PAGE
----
Comparing Wegovy vs. Ozempic

Getty Images / Douglas Cliff
Getty Images / Douglas Cliff

Medically reviewed by Femi Aremu, PharmD

For people looking to treat and manage their type 2 diabetes, or for those looking to accelerate weight loss that is associated with type 2 diabetes, hypertension (high blood pressure), or high cholesterol, the use of prescription medication is a viable treatment strategy.

For this purpose, healthcare professionals may recommend Wegovy (semaglutide) or Ozempic (semaglutide). Both are brand-name medications for weight loss management.

While you may have heard of these drugs before or know someone prescribed Wegovy or Ozempic, you likely have questions or concerns over which drug best suits your or a loved one's needs.

To address these questions, this article will highlight the similarities and differences between Wegovy and Ozempic, including their approved indications (conditions for which a drug can be used) and off-label uses.

Getty Images / Douglas Cliff
Getty Images / Douglas Cliff

Overview of Wegovy and Ozempic

Wegovy and Ozempic are brand-name prescription medications with the same drug class—glucagon-like peptide-1 (GLP-1) agonists. GLP-1 is a hormone that causes your body to produce more insulin and makes you feel full. These drugs also contain the same active ingredient: semaglutide.

However, Wegovy and Ozempic are approved by the Food and Drug Administration (FDA) for different indications and dosages.

The FDA originally approved semaglutide under the name Ozempic in 2017 after clinical trials demonstrated that the drug effectively controlled blood sugar in adults with type 2 diabetes. Semaglutide was also shown to help people lose weight.

Healthcare providers may prescribe Ozempic off-label for weight loss.

Off-label prescribing is when a healthcare provider prescribes a drug to treat or prevent a condition other than what the FDA approved it for.

In 2021, the FDA approved semaglutide under the brand name Wegovy for weight loss in adults experiencing overweight or obesity when used along with proper diet and exercise.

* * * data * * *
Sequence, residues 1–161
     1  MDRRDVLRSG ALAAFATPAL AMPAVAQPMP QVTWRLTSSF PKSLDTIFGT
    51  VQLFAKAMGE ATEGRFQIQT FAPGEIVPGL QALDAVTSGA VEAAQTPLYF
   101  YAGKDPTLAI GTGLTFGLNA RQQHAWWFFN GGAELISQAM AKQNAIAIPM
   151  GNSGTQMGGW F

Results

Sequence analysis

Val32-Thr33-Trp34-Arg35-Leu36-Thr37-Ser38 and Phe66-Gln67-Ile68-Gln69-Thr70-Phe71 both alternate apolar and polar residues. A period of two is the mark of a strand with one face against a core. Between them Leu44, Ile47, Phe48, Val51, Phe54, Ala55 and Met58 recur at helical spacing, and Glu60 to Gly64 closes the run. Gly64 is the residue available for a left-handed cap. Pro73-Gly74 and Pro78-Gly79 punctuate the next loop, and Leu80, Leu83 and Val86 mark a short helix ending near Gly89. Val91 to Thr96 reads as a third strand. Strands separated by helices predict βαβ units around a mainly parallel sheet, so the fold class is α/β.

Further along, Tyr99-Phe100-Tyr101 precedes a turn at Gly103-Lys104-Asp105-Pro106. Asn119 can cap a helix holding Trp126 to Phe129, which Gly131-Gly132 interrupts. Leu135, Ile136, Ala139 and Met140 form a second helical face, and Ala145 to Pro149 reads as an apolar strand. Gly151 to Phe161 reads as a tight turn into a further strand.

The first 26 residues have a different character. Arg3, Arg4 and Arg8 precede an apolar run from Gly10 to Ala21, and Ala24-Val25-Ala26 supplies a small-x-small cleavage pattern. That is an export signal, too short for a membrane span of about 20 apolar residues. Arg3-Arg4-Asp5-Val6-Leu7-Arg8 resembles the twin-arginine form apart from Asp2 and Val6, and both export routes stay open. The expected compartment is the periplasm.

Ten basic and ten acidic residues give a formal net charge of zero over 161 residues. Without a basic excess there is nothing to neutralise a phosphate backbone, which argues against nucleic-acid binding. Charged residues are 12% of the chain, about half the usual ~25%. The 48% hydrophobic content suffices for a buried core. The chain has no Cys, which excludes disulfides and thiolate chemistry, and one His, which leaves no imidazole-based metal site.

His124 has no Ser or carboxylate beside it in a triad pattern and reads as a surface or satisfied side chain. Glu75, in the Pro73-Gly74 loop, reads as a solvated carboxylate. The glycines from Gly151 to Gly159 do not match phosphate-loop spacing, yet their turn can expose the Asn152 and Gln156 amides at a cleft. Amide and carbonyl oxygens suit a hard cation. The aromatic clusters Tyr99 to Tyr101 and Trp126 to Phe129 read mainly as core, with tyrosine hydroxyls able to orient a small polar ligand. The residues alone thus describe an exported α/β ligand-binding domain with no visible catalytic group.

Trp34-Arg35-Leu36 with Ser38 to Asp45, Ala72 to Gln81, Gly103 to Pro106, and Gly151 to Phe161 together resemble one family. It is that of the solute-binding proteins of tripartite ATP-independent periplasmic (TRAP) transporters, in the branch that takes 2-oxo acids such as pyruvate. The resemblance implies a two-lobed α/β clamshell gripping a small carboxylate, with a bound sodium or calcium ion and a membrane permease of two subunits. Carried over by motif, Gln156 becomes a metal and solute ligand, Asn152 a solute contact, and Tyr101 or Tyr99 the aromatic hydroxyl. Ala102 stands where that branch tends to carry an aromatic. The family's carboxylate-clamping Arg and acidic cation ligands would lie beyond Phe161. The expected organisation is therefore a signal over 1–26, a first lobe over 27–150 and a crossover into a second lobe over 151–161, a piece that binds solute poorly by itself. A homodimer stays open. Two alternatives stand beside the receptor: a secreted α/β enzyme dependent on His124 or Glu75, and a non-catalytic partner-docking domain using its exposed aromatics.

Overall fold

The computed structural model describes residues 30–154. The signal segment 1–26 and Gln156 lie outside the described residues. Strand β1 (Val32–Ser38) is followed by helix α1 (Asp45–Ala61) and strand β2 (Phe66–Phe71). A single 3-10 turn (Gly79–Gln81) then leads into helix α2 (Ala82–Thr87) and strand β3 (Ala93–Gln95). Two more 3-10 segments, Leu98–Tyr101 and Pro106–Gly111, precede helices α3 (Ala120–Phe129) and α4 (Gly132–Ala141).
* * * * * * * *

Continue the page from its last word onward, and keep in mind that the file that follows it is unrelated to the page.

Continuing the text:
Differences: Wegovy vs. Ozempic

Ozempic and Wegovy have key differences and several similarities. They differ mainly in their FDA-approved indications and typical dosages.

How They Work

Both Wegovy and Ozempic are GLP-1 agonists containing semaglutide.

Semaglutide works by prompting the pancreas to produce more insulin, which reduces blood sugar. Semaglutide promotes weight loss by increasing the effects of GLP-1 in your body, making you feel full more quickly than usual and, in turn, decreasing your food intake.


Ozempic is FDA-approved for the following uses:

  • To control blood sugar levels in adults with type 2 diabetes, along with diet and exercise

  • To reduce the risk of severe health problems, such as heart attack and stroke, in adults with both type 2 diabetes and heart disease

In contrast, Wegovy is FDA-approved for weight loss. Specifically, Wegovy is approved for chronic (long-term) weight management in certain people, including:

  • Adults with an initial body mass index (BMI) of 30 or greater

  • Adults with an initial BMI of 27 or greater who have been diagnosed with at least one weight-related health condition, such as high blood pressure, type 2 diabetes, or high cholesterol

  • Children 12 and older with a BMI in the 95th percentile or higher for their age

BMI is a dated, biased measure that doesn’t account for several factors, such as body composition, ethnicity, race, gender, and age. Despite being a flawed measure, BMI is still widely used today in the medical community because it is an inexpensive and quick method for analyzing potential health status and outcomes.


Both Wegovy and Ozempic are once-weekly subcutaneous injections (injections given under the skin), but Wegovy has a higher maximum dosage than Ozempic.

You or a caregiver will inject it under the skin of your abdomen, thigh, or upper arm. Wegovy and Ozempic can be given any time on the same day of the week, such as every Sunday.

Wegovy’s starting dose in adults is 0.25 milligrams (mg) once weekly for four weeks. Your healthcare provider will increase your dose every four weeks until you reach the target dose of 2.4 milligrams once weekly.

Wegovy’s starting dose in children is 0.25 milligrams once weekly for four weeks. Your child’s healthcare provider will increase the dose every four weeks until the target dose of 1.7 or 2.4 milligrams once weekly is reached.

Ozempic’s starting dose is 0.25 milligrams once weekly for four weeks. Then your healthcare provider will raise your dosage to 0.5 milligrams once weekly.

If your blood sugar levels are still too high at the 0.5 milligrams dose; your healthcare provider may increase your dose to 1 or 2 milligrams once weekly. The maximum amount of Ozempic is 2 milligrams.

Which Is More Effective?

Both Wegovy and Ozempic have been evaluated extensively in separate clinical trials, with research that reflects the following:

In a test of Wegovy in adults without diabetes, those who received Wegovy lost an average of 12.4% of their initial body weight compared to those who received a placebo.

Another study assessed Wegovy in adults with diabetes, displaying a 6.2% decrease in their initial body weight compared to those who received a placebo.

The trials for Ozempic looked at the drug’s safety and effectiveness for managing type 2 diabetes, with weight loss as an added benefit.